The moves fill what had been a large hole in the company's overall business strategy, in a market that increasingly has attracted AT&T's large competitors and other start-up companies that offer their own high-speed Net services.
"I think that like other [long distance companies], AT&T is saying, 'I will get to the customer any way I can, and any way the customer wants,'" said Jeanne Schaaf, an analyst with Forrester Research. MCI WorldCom and Sprint are also using several different technologies to reach their customers, she noted.
According to company executives, AT&T will immediately began offering high-speed Internet access over telephone digital subscriber line (DSL) service in 17 markets across the country, and ultimately expand this to more than 100 markets by the end of 2000. The company will initially buy its DSL service from Rhythms NetConnections and Covad Communications, two of the leading high-speed Internet start-ups focused on business service.
DSL is a technology that allows high-speed Internet service over the same telephone wires that are used for voice traffic.
AT&T also will begin trials of a cable-based high-speed Internet access service for business customers in six markets by the end of this year. It plans to offer this service more widely by the middle of 2000.
Some analysts say the cable offering is to fill gaps in areas where AT&T's DSL service is unavailable or too expensive to be a viable product. Unlike DSL, cable networks can't provide guaranteed speed for Internet access. This speed of access on a cable line varies with the number of users on network--the more people on a network, the slower download speeds become for any single user.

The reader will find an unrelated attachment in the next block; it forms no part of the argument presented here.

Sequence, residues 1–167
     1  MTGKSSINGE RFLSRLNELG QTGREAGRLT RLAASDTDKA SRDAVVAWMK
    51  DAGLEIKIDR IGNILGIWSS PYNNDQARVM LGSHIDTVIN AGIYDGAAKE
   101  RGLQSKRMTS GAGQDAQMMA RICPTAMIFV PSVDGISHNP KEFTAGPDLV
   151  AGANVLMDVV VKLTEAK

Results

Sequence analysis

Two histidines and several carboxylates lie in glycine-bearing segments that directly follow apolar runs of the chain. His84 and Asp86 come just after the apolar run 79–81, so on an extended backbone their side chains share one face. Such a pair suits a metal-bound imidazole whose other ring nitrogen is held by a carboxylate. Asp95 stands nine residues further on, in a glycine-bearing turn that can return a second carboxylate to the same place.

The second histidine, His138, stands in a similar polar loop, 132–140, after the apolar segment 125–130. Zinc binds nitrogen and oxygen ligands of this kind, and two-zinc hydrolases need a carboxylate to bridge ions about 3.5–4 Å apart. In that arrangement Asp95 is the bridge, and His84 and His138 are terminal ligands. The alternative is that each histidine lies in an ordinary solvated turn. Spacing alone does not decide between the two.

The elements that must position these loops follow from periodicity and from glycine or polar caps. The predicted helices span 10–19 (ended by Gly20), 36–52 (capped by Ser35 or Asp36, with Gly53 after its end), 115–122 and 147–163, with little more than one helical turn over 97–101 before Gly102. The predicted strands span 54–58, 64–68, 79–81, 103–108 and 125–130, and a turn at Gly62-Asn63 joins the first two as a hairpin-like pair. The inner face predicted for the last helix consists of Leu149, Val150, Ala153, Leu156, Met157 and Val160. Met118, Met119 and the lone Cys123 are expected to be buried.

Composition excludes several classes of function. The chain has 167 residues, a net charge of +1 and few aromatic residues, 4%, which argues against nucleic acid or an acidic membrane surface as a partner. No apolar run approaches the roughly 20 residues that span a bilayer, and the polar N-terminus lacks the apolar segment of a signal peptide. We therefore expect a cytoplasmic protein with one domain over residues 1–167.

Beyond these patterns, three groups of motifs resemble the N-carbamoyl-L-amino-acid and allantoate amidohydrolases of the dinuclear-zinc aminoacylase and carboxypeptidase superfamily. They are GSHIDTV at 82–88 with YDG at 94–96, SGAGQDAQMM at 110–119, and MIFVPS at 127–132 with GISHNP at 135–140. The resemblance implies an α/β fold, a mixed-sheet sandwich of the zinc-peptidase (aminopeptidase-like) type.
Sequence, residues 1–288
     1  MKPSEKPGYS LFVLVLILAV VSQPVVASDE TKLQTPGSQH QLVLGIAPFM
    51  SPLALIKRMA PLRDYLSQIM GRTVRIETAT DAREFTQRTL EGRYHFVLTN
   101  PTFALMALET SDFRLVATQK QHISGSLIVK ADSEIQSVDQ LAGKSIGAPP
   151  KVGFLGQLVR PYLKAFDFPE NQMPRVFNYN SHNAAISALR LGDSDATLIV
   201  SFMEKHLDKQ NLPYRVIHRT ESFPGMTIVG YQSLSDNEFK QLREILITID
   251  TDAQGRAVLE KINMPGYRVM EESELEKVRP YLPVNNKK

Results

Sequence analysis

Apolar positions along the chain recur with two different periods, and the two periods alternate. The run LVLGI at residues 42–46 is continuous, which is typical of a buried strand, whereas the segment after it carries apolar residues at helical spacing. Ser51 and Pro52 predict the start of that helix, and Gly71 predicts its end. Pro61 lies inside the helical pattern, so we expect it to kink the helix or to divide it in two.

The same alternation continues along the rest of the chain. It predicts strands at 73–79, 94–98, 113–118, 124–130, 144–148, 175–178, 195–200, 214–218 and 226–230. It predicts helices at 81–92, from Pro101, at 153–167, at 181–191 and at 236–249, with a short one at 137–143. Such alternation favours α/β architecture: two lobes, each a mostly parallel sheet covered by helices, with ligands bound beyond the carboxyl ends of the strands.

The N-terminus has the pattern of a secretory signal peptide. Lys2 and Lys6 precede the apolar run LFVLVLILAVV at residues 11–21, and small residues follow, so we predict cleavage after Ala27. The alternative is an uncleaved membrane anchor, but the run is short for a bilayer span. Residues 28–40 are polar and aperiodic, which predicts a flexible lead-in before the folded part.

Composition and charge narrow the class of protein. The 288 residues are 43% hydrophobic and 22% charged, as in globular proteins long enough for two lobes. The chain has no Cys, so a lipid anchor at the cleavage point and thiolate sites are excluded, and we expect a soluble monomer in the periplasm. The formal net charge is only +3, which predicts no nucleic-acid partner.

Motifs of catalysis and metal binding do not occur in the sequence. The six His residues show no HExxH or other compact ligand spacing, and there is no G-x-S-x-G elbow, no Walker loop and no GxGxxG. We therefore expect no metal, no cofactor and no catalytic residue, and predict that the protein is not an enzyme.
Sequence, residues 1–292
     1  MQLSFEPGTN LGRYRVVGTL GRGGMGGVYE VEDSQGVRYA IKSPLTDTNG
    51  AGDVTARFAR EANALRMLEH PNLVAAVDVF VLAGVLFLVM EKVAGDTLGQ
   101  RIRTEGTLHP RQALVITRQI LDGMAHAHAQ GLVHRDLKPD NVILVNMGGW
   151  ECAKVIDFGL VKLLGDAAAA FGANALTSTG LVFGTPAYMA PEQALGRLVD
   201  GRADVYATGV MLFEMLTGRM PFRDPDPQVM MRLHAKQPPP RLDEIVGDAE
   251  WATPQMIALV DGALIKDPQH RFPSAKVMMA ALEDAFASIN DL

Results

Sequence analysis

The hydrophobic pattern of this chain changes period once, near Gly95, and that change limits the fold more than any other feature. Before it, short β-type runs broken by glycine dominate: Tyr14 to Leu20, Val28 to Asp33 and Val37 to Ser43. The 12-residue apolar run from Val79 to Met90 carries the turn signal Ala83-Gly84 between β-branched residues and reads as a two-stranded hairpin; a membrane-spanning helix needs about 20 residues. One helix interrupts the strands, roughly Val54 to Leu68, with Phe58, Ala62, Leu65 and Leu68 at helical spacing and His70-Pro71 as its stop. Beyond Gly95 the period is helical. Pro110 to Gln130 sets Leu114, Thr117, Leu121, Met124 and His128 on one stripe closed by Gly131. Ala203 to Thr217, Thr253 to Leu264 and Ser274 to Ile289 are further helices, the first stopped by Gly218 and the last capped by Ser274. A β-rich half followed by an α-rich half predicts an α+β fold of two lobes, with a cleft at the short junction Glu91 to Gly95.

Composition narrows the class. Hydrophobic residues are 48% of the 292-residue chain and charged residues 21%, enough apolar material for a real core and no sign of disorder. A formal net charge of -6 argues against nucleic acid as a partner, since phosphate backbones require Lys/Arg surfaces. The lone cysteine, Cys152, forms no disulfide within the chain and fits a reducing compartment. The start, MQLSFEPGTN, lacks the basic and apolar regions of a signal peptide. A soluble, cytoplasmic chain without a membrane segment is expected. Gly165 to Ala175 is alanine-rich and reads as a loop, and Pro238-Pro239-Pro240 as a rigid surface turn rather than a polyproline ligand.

"We continue to be skeptical of the viability of using cable in the business market," said Joe Laszlo, telecommunications analyst with Jupiter Communications. "It's extremely hard to guarantee quality of service with the cable network using today's technology."
AT&T executives note that they are giving customers a choice between two technologies with different advantages and costs--and in most cases, DSL will be available in the same locations as cable.
"The idea is to be able to offer customers a suite of products that fits their individual needs," said Tracy Hollingsworth, an AT&T spokeswoman. "They can choose whatever they want."
Today's announcements also mark a potential new source of tension between AT&T and Excite@Home, the cable Internet access service in which AT&T owns a dominant stake.
Excite@Home already operates a division that offers high-speed DSL and cable access to small- and medium-sized businesses, dubbed @Work. AT&T says it will be working "in cooperation" with @Work through its cable trials, but has not committed to using the @Home service's brand for the new business access push.